The Question heard gunfire and, grabbing a pistol from one of the men he had knocked out, checked it for ammo. It was full, and he moved in, quietly spotting as he did another member of the valiant team.
“Hold it right there!” a voice called. “Raise ’em! And turn around slowly.”
The Question did so and found himself face-to-face with two of the Fightin’ Five members. In this light, he recognized the muscular, red-haired man as a wrestler who had retired in 1963 after his last match in Bridgeport, Connecticut. (*) The other man, also a redhead, he didn’t recognize, but he also wore the Fightin’ Five uniform; Vic Sage guessed that this man was either a replacement or a temporary stand-in for one of the regular members of the team.
[(*) Editor’s note: See “Introducing the Fightin’ 5, America’s Super Squad,” Fightin’ Five #28 (July, 1964).]
“Holy–!” the first man shouted, startled by the sight of a man without a face. “Who or what are you?”
“The nightmare of all that is evil, Tom-Tom,” said the Question, using the man’s nickname. “And welcome to the fight.”
“You know me?” said Tom-Tom suspiciously, glancing for a second at his teammate, who had remained quiet. “We don’t know you, pal.”
“I know of you, yes. And I know Captain Hennessy. I’m a friend.”
An explosion, followed by gunfire, then sent all three men to the ground. They heard shouting and saw several armed men running toward them, and the three quickly identified them as hostiles.
Already firing in their direction, the Question, Tom-Tom, and his ally each returned fire, dropping their attackers quickly.
“You handle that pistol well, nightmare,” said the other red-haired man, “or whoever you really are.”
“I had some experience once upon a time,” replied the faceless crime-fighter. “Why is your team attacking this place?”
“Possibly the same reason you are,” replied Tom-Tom. “It’s a viper’s nest and has to be eliminated.”
“Indeed. Well, tell your team I have an ally here, as well, dressed like a bat.” With that, the Question disappeared into the shadows.
“Y’know, Red, those costume guys make me nervous,” said Tom-Tom to the backup member of the Fightin’ Five, Red Crandall.
Looking around for more foes, Red noted that the faceless one had shot not to kill but disable. Impressed, Red whistled and said, “He’s either an amateur or a very good marksman.”
“Either way, we better try and tell the others,” said Tom-Tom.
The police arrived in massive numbers and soon found themselves engaged in a firefight with Mafioso, some of which had fallen unconscious after being hit by a strangely shaped boomerang tossed from the shadows. Others had tripped on something they didn’t see, while others were caught in rope traps that suddenly pulled them off the ground, leaving them hanging from trees.
One officer found one of the hoods with a note pinned to him, which read: There is a limo one street over. A little girl is in it, drugged by friends of these scum. See to her. It was unsigned, except for a stylized symbol of a bat that looked somewhat familiar to the officer, although he couldn’t quite place it.
Several more vehicles arrived behind the police cars, and men in suits flashing federal agent badges began flowing out.
More radio chatter was recorded in the surveillance van, but the men inside had already joined the officers during the operation in progress and were not around to hear it.
“B — time to evac, you think?”
“Agreed. Meet me behind the restaurant down the street. Q.”
“Right. Q out.”
The next day, the press would report that the Fightin’ Five and the Crown City Police Department, in a joint effort with the FBI, had made a massive bust of a large criminal gathering. The big mystery that no one could explain, however, was how so many of the bad guys were pinned down or out cold before any officer had even arrived on the scene. Tom-Tom and Red Crandall, the two Fightin’ Five members who had met one of their mysterious allies, had decided not to share this information with anyone outside the team.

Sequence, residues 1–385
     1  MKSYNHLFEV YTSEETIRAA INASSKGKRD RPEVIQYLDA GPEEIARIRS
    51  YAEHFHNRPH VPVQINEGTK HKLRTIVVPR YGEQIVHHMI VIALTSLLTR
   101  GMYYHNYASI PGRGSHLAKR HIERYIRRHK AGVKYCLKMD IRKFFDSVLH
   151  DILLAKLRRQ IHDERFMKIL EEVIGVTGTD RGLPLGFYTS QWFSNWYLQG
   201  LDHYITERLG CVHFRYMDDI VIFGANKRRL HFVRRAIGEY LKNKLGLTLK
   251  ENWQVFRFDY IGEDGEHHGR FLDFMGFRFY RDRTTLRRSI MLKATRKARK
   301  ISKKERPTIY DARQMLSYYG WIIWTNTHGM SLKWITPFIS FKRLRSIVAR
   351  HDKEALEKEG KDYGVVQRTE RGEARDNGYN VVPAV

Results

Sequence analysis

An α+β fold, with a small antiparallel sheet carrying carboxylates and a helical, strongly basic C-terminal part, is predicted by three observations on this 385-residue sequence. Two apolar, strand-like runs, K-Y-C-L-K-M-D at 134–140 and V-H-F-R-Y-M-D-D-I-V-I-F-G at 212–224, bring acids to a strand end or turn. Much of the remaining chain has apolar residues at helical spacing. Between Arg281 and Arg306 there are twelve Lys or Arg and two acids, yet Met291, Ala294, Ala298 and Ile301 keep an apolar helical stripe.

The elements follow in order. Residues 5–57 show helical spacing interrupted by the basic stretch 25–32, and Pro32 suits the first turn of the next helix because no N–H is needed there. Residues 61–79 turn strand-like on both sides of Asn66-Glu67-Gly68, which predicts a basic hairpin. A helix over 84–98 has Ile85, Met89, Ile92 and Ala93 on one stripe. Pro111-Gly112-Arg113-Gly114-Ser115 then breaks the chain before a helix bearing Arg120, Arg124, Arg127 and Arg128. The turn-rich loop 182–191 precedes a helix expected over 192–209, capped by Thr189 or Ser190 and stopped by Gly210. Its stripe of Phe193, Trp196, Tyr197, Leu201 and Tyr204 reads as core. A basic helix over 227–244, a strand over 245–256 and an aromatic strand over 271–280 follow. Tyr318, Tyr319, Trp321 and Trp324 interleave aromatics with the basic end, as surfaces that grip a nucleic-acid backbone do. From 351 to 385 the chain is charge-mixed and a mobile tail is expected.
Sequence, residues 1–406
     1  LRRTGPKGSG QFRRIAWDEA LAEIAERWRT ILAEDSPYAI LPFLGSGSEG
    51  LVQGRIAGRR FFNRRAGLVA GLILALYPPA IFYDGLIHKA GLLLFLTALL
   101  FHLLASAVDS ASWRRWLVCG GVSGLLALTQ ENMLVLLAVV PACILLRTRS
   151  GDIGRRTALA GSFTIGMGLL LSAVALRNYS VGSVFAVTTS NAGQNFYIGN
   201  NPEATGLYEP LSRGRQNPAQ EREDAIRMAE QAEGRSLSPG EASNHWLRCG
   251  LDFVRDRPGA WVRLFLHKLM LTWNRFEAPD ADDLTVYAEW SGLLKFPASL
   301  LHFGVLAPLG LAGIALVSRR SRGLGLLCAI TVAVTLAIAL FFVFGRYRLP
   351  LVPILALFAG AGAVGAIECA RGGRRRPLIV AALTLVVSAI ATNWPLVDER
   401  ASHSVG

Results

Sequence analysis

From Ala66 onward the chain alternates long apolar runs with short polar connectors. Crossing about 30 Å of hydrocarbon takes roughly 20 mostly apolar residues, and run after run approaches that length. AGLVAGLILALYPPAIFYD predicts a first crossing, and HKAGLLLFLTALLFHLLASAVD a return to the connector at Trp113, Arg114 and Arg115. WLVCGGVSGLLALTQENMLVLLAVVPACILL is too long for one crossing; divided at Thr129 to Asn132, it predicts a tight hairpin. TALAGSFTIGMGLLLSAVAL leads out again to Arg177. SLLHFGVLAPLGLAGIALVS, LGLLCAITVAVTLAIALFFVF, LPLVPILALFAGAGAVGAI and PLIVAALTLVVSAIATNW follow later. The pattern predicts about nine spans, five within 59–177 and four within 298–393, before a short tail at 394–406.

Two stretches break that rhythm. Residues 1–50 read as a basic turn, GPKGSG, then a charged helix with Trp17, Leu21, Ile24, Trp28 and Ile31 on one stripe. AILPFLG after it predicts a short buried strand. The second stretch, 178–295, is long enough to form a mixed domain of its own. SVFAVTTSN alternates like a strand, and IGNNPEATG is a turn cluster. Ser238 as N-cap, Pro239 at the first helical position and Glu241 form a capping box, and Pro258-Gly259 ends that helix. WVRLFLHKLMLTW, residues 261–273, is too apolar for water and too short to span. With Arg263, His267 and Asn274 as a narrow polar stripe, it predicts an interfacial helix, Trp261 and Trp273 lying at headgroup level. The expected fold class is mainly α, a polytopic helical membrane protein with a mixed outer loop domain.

The Question and his new ally, the Bat-Man, had regrouped on the rooftop of the restaurant down the street. In the distance, they could see a multitude of flashing red lights from the CCPD vehicles at the Buccini estate. “Now what?” the Question asked.
“Now? I suppose I’ll go back to where I first found myself in this city,” said the Bat-Man, shrugging. “Hopefully I can find out how to get back to my own Earth.”
The Question wrote down a number. “If you don’t have any luck, call this number. My friend, and a brilliant scientist, besides. Maybe he or one of his fellow eggheads can help.”
“Kord, eh? Good man?”
“One of the best I’ve ever met,” replied the faceless crime-fighter. “Tell him the Question sent you. He’s one of the few who know I even exist.”
“Thanks, Question, and much success on your continued career. What I’ve learned of you tonight tells me you and I have a lot in common.”
“Maybe so, Bat-Man, but I would never dress like a wrestler,” replied the Question.
“And I wouldn’t look so good fighting crime in a business suit,” said the Bat-Man.
They shook hands and parted ways.
The next day at the television studio, Vic Sage got a call from his friend and sometime-associate, Ted Kord.
“Got an odd call last night, Vic,” said Ted without much preamble.
“Oh, really?” said Sage.
“Yeah. Some guy said if I ever run into the faceless man, tell him he — the guy who called me — had found the way home. Called himself B. Who is he?”
“Just a lost soul who helped me out,” replied Sage. “Thanks for the message, Ted.”
“Someday, you’ll have to tell me about this guy.”
“Someday,” agreed Sage. “Who knows if I’ll ever meet him again. But, Ted, he’s a good apple.”
“I figured any friend of yours would be,” said Ted. “Has he read Atlas Shrugged, by any chance?”
“We never got into that,” said Sage.
He and Ted Kord had become friends a few months earlier during a visit to Hub City, when together they defended a work of art glorifying the heroism of man from a group of hippies who found it offensive, preferring another artist who portrayed men’s baser instincts. (*) Shortly thereafter, Vic Sage had guessed Ted to be the Blue Beetle, and when the scientist did not deny it, Sage revealed himself to be the mysterious Question of neighboring Crown City. The two action-heroes had quickly bonded over their interest in the philosophy of Ayn Rand, although Ted never seemed quite as serious about it as he was.
[(*) Editor’s note: See “The Blue Beetle Faces the Destoyer of Heroes,” Blue Beetle (Charlton) v4 #5 (November, 1968).]
“At least he didn’t seem to want to mollycoddle criminals like so many liberals do,” Sage added.
“Good, good,” said Ted. “I know how much pressure you’ve had recently from the liberal media to get you kicked off television altogether. (*) Maybe someday there’ll be an Objectivist network, eh?”
[(*) Editor’s note: See “Return of the Question,” Mysterious Suspense #1 (October, 1968).]
“Maybe someday,” agree Sage. “Hate to cut you short, Ted, but I’ve got an interview to prepare for.”
“OK. Take care, Vic.”
“You too, Ted.”
Vic Sage looked down at the Batman comic-book he had bought. “And take care, Bruce,” he said softly.